The amount entered in box 20A will often be $0 unless you just recently stopped working or are working in marginal employment. Marginal employment includes:

  • Any odd jobs or income earned that does not add up to the poverty threshold amount in a single year
  • Protected employment (employment in a sheltered environment or family business)

Earnings from protected employment CAN exceed the poverty threshold in a single year.

Mistake #5: Relying on SSDI as Evidence

Many veterans mistakenly think they are automatically eligible for TDIU benefits because they receive Social Security Disability Income (SSDI). Veterans can receive both TDIU and SSDI, but the evidence required for eligibility is very different for these two types of benefits.

Many veterans collect SSDI but do not qualify for TDIU. The VA will consider the records that supported your SSDI claim if your SSDI involves service-connected disabilities, but VA requires additional evidence to grant TDIU.

Mistake #6: Omitting Employment History Evidence

Include as much evidence on employment history as possible, including records demonstrating work experience, skills, vocational training, education, licenses, vocational exam reports, disciplinary records, layoffs, resignations, terminations, earnings, and hours worked. Your work history information is vital to proving that your service-connected disability has damaged your earning potential.

Mistake #7: Omitting Important Medical Evidence

Medical records and expert opinions demonstrate not only the severity of your disability, but also the time constraints that may prevent you from working, for example, the number of breaks you must take or the frequency of hospitalizations or treatments.

In addition to VA C&P exam records, be sure to include all medical evidence showing the severity of EACH disability you are listing in box 8 of VA form 21-8940 – including records showing the frequency of hospital visits, ongoing treatment requirements, private doctor care, physical therapy, psychiatric examinations, specialist reports, and buddy letters supporting symptom severity from a spouse, friend, co-worker, fellow service member, or employer.

Mistake #8: Failing to Seek Input From a Veterans’ Disability Lawyer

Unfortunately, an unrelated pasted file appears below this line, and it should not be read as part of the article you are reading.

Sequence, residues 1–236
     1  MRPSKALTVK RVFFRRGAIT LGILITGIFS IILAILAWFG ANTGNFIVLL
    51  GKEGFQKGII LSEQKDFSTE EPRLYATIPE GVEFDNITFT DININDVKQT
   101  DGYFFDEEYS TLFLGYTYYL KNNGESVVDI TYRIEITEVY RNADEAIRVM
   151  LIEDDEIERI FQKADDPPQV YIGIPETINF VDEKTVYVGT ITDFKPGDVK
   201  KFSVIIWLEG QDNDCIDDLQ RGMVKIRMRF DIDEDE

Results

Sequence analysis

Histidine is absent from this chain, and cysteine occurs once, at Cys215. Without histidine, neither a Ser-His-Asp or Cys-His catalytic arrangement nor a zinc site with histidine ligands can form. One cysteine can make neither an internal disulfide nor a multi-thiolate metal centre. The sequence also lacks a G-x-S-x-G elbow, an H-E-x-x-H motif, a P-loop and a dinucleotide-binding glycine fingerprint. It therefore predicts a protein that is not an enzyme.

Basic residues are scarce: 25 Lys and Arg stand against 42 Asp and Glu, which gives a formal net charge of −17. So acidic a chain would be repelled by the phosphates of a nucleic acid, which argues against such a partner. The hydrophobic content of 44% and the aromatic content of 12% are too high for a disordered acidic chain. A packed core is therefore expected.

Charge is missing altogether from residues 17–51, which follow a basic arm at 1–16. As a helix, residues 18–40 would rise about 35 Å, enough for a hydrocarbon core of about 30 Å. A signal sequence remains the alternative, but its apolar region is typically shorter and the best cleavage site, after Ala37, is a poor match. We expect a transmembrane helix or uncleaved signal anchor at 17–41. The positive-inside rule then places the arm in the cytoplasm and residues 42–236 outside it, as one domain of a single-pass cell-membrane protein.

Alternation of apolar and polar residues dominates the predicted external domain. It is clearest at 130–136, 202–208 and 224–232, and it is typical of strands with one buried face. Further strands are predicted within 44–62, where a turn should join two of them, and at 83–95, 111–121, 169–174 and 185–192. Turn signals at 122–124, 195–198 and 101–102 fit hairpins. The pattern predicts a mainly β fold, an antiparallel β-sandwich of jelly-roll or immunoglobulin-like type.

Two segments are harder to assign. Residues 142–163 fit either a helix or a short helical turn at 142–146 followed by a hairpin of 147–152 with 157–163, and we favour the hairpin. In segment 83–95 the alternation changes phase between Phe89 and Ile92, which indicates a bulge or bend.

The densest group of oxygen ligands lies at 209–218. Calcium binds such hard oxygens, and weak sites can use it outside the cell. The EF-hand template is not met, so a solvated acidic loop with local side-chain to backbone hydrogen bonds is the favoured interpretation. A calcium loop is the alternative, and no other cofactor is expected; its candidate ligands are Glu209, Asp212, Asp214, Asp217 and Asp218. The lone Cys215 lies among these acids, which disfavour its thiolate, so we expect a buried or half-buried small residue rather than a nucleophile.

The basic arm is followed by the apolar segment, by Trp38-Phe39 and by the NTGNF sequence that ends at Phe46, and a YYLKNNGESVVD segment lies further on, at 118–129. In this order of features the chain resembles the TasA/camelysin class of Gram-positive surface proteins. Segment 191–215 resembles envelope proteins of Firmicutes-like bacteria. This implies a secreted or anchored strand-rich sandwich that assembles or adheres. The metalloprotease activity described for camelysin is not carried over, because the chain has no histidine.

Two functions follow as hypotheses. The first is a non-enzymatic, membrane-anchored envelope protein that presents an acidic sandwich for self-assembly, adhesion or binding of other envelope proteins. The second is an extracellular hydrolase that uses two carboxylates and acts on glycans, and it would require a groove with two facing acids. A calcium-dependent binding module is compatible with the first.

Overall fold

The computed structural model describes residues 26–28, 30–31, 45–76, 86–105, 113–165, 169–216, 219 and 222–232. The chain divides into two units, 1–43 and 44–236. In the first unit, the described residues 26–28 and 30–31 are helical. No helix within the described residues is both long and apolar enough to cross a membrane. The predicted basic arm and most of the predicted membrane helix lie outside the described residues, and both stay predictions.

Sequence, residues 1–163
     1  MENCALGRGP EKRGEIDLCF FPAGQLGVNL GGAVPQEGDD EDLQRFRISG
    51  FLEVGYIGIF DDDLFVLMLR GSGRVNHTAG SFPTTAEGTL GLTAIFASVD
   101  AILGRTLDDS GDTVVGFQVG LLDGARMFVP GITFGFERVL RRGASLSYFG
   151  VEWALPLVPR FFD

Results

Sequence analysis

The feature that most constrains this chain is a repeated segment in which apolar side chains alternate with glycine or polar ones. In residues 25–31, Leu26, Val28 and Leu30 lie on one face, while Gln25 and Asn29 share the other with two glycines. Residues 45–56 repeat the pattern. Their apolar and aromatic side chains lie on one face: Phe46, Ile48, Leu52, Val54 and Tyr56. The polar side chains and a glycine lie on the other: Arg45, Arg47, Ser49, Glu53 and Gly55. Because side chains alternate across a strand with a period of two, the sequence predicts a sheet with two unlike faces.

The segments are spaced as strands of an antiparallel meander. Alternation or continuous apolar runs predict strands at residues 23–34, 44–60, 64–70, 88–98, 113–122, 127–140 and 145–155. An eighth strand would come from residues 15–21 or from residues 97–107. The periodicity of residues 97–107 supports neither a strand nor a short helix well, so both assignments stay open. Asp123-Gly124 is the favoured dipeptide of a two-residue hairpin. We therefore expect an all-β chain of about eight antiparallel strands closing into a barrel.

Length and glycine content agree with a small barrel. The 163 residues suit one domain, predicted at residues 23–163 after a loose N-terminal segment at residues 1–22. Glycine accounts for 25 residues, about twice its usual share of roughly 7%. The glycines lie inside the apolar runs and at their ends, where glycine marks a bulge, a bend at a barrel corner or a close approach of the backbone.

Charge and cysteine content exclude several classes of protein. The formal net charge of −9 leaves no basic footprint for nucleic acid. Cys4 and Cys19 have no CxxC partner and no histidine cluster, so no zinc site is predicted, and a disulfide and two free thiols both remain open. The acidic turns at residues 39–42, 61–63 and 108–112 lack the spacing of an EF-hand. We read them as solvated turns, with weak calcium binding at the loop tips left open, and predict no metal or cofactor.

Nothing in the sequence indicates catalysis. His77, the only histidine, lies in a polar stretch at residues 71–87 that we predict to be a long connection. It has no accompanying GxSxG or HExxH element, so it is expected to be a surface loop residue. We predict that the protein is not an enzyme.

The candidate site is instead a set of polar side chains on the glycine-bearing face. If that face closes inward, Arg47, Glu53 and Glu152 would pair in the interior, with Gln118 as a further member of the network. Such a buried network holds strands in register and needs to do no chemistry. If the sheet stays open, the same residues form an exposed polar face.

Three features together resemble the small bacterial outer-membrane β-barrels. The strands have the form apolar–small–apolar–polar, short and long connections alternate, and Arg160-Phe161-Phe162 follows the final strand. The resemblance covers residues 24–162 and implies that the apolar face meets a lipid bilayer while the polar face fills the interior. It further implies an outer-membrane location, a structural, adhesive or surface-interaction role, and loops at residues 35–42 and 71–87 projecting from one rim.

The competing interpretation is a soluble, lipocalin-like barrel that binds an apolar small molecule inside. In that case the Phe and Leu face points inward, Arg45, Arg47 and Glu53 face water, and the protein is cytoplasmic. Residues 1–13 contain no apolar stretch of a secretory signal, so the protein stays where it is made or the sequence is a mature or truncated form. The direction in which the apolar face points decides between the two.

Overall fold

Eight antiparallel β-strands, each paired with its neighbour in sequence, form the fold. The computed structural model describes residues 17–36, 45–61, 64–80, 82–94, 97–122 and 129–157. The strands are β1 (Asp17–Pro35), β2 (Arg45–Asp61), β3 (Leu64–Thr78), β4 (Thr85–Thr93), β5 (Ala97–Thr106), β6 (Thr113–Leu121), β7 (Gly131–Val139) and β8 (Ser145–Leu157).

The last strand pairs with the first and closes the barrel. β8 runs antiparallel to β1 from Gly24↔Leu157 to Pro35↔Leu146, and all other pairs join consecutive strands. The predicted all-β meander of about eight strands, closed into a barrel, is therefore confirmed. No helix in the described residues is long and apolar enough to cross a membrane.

TDIU claims are difficult to win. Veterans can prepare the claim and fill out the forms themselves. Still, the likelihood of VA denial drops drastically when you have a veterans’ disability lawyer review your TDIU claim before submission.

Better yet, having an experienced veterans disability lawyer prepare the claim from start to finish means less work for you and increases the odds that your claim will be approved the first time around.

A skilled veterans disability lawyer will evaluate your specific case, help you gather all necessary evidence, pinpoint potential problem areas, tighten up the presentation, and help ensure the VA has all the information needed to grant TDIU benefits.

Certain veterans’ law firms will cover the costs of gathering evidence and preparing your TDIU claim, allowing you to pay them back after you win your claim.

More Questions About Your TDIU Benefits Claim?

To learn more about the TDIU claims process—including TDIU eligibility requirements, tips on filling out forms, and valuable claims strategies—read our free eBook, TDIU Benefit Claims: An Essential Guide for U.S. Veterans.

If you have further questions about filing a TDIU benefits claim, your rights as a veteran, or other concerns, please call our attorneys at 888.878.9350 or contact us online. We are happy to help and work diligently to protect your privacy.

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If you are having trouble obtaining benefits, contact us online or at 888.878.9350 to discuss your case.